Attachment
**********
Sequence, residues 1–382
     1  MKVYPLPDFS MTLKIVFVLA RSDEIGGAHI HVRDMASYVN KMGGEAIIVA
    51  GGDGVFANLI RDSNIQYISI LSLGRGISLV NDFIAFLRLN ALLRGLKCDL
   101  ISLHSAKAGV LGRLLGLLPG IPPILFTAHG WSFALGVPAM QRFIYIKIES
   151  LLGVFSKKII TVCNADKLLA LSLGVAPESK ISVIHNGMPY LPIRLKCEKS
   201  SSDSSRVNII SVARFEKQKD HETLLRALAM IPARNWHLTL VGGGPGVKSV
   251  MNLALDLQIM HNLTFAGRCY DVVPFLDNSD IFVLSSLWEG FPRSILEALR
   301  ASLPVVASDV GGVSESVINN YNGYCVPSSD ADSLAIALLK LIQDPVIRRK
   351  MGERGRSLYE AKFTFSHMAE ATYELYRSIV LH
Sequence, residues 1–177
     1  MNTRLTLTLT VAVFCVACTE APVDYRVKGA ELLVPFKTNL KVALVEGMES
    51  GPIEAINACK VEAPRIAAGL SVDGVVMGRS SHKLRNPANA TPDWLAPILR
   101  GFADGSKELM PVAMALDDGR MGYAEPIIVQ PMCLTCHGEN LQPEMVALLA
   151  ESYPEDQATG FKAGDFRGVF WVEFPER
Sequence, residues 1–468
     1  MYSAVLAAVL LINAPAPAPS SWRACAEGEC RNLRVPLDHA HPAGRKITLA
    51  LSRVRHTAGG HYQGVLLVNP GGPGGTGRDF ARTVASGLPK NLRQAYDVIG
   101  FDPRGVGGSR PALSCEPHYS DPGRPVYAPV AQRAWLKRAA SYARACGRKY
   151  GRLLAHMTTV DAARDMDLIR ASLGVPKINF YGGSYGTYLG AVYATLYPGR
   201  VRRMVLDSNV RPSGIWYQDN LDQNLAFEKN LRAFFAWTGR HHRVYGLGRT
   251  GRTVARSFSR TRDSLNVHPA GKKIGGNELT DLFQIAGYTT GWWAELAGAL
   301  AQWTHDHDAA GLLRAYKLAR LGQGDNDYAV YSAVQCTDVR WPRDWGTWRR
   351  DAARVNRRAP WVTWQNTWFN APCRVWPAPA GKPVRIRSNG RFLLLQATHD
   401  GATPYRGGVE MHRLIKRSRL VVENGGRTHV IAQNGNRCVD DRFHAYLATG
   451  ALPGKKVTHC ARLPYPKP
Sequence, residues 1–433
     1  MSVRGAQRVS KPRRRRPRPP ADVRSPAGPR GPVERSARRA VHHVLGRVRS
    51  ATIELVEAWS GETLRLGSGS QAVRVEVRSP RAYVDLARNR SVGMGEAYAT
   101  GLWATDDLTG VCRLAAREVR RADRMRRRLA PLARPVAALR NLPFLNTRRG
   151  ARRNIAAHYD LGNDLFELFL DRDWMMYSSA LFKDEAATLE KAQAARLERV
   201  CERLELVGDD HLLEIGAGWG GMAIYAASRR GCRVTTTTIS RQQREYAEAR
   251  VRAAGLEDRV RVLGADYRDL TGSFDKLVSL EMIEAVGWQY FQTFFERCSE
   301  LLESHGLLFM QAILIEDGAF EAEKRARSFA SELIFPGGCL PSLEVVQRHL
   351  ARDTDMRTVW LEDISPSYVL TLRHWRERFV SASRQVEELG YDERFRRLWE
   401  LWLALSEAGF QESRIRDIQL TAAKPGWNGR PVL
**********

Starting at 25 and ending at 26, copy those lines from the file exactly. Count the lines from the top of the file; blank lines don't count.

   451  ALPGKKVTHC ARLPYPKP
Sequence, residues 1–433